The storm passed through the southeast islands including Mayagua, Inagua, Crooked Island Acklins, Long Cay and Ragged Islands, on Thursday and Friday.
Ahead of the Hurricane UNDP deployed crisis response experts to several Caribbean countries, including Jamaica and Haiti, where nine UNDP staff members are supporting crisis coordination in impacted communities in the north. UNDP is also working closely with national authorities in Turks and Caicos, St. Martin and Bahamas to provide support and immediate and long-term recovery measures.
It's set to smash into Florida state later today.
As of Friday night, the storm was honing in on Hurricane Irma as a Category Four storm, packing extremely unsafe winds of 150 miles (240 kilometers) per hour.
Angela Fritz, an atmospheric scientist and the Washington Post's deputy weather editor, explained what happened. Footage of a dry Bahamas shoreline hit the internet shortly after Irma swept through the Caribbean Islands.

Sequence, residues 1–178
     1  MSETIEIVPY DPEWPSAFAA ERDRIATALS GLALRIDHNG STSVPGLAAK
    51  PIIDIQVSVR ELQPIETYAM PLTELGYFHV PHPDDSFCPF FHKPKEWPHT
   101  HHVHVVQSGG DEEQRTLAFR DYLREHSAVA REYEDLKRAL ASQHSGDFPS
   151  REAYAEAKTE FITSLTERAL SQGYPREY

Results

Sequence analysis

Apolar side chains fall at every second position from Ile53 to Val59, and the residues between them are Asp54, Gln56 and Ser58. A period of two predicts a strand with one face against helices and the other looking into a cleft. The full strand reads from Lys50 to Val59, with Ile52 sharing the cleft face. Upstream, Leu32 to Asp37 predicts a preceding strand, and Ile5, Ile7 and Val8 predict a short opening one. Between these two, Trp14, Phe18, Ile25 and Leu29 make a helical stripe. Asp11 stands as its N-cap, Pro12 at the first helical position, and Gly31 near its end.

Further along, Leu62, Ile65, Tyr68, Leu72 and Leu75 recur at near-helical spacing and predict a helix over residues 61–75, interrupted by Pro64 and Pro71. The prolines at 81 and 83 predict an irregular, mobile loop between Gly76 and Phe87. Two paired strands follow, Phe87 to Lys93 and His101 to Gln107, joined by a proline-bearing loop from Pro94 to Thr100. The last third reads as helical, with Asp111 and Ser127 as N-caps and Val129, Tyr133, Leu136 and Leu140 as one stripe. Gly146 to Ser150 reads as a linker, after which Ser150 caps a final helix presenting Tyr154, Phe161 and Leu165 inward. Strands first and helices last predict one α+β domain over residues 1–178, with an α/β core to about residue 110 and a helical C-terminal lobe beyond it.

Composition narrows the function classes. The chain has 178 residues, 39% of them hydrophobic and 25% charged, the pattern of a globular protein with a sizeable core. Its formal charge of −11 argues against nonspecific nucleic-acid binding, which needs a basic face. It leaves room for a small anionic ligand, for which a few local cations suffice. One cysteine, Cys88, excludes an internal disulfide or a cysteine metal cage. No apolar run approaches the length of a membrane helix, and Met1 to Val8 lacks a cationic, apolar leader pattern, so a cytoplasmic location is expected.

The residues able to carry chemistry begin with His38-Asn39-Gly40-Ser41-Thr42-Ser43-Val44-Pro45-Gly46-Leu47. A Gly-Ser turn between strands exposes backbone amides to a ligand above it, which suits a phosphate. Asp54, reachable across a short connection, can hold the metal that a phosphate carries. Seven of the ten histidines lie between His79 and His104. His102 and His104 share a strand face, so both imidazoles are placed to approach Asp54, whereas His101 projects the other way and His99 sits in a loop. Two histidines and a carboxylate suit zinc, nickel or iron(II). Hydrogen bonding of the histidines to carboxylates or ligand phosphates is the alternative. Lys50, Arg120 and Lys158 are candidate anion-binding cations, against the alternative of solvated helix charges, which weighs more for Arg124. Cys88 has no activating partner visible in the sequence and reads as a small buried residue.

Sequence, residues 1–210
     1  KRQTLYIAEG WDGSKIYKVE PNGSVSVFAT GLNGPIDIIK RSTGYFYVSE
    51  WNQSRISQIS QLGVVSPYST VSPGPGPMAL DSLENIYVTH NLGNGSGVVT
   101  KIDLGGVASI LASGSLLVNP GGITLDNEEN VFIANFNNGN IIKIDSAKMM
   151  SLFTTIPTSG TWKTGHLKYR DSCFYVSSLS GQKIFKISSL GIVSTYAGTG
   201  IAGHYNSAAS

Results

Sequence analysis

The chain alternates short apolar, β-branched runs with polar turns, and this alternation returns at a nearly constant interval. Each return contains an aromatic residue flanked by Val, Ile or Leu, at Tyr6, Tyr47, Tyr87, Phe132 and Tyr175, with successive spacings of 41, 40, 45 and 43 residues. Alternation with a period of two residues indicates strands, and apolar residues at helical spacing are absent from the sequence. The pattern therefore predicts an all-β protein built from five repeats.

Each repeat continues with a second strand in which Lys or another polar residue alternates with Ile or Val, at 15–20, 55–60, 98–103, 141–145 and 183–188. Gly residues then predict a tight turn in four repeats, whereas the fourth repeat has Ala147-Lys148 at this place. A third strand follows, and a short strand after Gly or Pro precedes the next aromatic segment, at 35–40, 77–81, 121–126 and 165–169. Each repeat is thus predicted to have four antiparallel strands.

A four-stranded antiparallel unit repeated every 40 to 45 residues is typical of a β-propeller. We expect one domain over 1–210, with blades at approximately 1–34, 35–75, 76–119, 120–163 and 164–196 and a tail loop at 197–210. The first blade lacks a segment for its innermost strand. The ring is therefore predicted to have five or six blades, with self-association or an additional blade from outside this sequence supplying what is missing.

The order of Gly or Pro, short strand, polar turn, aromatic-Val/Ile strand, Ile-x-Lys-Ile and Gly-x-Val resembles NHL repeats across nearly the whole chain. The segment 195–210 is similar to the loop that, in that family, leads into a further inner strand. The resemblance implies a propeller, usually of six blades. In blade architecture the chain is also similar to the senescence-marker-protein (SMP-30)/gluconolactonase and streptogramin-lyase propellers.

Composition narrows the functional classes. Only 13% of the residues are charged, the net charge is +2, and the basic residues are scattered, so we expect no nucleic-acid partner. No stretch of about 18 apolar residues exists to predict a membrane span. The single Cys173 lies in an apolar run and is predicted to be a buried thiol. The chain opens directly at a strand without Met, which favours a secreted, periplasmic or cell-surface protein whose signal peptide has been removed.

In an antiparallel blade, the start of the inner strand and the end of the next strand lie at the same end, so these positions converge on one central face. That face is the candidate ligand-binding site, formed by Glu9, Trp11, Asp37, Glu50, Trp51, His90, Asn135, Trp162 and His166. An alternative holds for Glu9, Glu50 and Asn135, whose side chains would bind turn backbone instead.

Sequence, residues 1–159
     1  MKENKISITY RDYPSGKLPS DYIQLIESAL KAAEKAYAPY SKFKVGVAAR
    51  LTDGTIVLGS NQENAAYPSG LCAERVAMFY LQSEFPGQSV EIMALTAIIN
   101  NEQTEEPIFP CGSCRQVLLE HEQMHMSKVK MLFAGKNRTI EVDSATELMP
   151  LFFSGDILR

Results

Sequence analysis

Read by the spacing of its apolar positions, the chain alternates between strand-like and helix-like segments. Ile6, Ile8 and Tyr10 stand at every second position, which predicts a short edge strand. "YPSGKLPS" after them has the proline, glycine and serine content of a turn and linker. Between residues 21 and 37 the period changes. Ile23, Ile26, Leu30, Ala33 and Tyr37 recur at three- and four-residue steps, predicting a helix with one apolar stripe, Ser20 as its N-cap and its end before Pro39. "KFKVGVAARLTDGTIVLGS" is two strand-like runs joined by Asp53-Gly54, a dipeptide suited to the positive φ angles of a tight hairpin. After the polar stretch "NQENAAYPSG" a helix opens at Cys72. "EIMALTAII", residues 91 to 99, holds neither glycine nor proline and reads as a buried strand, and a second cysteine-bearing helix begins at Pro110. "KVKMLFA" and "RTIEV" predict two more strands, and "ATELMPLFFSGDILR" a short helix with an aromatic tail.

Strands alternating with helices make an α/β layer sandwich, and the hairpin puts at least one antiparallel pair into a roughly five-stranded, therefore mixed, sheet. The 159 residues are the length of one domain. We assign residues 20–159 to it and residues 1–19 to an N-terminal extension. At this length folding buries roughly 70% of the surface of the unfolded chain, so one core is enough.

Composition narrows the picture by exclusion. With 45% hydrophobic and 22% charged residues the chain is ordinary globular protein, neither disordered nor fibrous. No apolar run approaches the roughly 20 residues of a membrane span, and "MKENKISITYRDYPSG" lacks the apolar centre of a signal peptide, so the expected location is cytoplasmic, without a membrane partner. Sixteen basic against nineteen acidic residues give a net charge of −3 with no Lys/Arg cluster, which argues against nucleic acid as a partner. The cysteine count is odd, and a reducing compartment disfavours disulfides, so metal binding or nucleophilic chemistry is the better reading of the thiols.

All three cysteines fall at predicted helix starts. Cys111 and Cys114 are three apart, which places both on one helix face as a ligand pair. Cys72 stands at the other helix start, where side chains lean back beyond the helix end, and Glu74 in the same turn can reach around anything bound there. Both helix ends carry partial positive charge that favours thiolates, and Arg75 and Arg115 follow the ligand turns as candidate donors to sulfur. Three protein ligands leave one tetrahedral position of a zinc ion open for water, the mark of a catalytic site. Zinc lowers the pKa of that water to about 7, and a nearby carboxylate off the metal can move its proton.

"Basically, Hurricane Irma is so strong and its pressure is so low, it's sucking water from its surroundings into the core of the storm", she writes.
Irma is sucking water from shorelines and pulling it into the eye of the storm as it charts a path to the Florida coast.
Hurricane Irma is strong enough to completely change the shape of an ocean.
Meteorologists caution people not to walk on the dry seabed as it will not be safe to be in the area when the water returns.
"The ocean may be experiencing the effects of what I call the hurricane 'bulge, '" she writes.
He said: "Care must be taken in this case because the water often returns with even greater fury".
The hurricane is expected to skirt around Miami, but the city is being lashed by heavy rain.